Chancellor Richard Carranza said Wednesday Gov. Andrew Cuomo’s pitch for a new state education funding formula would harm a majority of New York City Schools.
In his first legislative testimony at a state budget hearing in Albany, Carranza touted the school system’s accomplishments, such as rising graduation rates, before telling lawmakers that Cuomo’s proposal would shift most new funding away from 1,300 city schools. Instead, 75 percent of new dollars New York City would receive next year — under Cuomo’s proposal — would be filtered to just 22 percent of city schools.
Cuomo’s proposed formula would require districts to send a majority of new state dollars to certain needy schools. City officials said they came up with their numbers after reviewing Cuomo’s definition of high-needs schools in his budget legislation. That formula, according to Carranza, would also mean that there would be no new money for 87 of the 124 city schools that the state just identified as struggling and in need of improvement plans.
“Some of those schools may be forced to make hard decisions—we would be taking from Peter to pay Paul,” Carranza said.
In a statement, Cuomo spokesman Jason Conwall did not directly answer a question about the data Carranza shared. Conwall said Cuomo has proposed the “highest education funding levels in state history.”
“We want to ensure this funding actually goes to the schools that need it most, so the budget builds on the State’s first ever collection and reporting of school-level financial data by requiring schools to dedicate a significant portion of their Foundation Aid increases to address inequities in their neediest schools,” Conwall said.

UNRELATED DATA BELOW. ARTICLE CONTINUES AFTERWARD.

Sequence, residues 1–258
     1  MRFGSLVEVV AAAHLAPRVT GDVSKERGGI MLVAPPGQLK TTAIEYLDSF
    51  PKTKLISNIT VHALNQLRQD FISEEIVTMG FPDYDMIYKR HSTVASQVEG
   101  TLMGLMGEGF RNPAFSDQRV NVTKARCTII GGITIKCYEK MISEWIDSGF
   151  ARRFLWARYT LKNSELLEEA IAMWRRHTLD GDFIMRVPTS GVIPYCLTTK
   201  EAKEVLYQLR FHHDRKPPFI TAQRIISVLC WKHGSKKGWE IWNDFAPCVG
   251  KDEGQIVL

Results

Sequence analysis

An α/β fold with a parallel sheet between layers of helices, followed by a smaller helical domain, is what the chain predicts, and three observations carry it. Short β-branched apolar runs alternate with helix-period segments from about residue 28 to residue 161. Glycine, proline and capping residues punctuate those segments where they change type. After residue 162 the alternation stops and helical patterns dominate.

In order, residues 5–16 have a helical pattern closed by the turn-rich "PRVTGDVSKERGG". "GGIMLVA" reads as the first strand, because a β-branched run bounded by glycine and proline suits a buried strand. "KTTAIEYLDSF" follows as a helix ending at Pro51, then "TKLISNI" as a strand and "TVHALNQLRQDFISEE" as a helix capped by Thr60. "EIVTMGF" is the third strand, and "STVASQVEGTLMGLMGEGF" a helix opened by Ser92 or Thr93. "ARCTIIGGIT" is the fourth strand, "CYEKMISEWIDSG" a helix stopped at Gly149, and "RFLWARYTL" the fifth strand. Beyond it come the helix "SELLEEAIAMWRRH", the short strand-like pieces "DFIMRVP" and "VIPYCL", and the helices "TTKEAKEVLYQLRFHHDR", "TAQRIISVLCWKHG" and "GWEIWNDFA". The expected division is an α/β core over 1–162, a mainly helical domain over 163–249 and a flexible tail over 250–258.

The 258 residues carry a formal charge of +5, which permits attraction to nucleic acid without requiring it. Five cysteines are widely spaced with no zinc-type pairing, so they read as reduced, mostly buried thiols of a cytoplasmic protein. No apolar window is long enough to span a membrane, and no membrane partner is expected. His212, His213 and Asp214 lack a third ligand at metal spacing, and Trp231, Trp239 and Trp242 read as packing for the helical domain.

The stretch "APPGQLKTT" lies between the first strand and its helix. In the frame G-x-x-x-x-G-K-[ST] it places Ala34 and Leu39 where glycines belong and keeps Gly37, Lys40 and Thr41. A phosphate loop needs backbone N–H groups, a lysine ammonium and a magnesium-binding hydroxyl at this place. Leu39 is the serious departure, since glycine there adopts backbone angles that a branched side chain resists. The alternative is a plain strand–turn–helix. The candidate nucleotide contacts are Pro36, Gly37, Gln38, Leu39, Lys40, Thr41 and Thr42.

Cuomo has proposed boosting state education dollars by $1 billion compared to last year. That’s still $1.1 billion short of what state education officials have requested — most of that for an increase in foundation aid dollars, a formula that directs extra money to high-needs districts. Cuomo’s administration has bristled at boosting foundation aid because it was created under a lawsuit that Cuomo argues has been long settled, calling it a “ghost of the past.”
Cuomo has paired the proposal of this formula with transparency on how districts are distributing their funds. Last year, Cuomo successfully pushed through a law that requires certain districts to report how they’re distributing state dollars.
Cuomo’s administration has asserted that districts across the state, including New York City, are not sending more money to the most needy schools. New York City spends thousands of dollars more per student in high-needs schools. A Chalkbeat analysis found that the city’s own funding formula sends more dollars to schools with hard-to-serve students, such as those with disabilities or those from low-income families. Advocates and some lawmakers have said those additional dollars are still insufficient.
State lawmakers at the hearing, union leaders, and State Education Commissioner MaryEllen Elia testified that Cuomo’s proposal does not go far enough.
In her own testimony, Elia said implementing Cuomo’s proposed formula would be “an incredibly difficult process” for her department, and that school districts have the best idea of how to spend state money.
Familiar faces who support boosting foundation aid, like Manhattan Sen. Robert Jackson and Queens Sen. John Liu, doubled down on the need to boost education dollars significantly more than what Cuomo has pitched.
Carranza was peppered with questions during his nearly two-hour testimony about different topics: among them, mayoral control, concerns about expanding 3-K, and the city’s own Fair Student Funding Formula. Some lawmakers asked how Carranza would help boost its own funding formula so that individual schools received more money; Carranza said a key solution would be first getting more state support.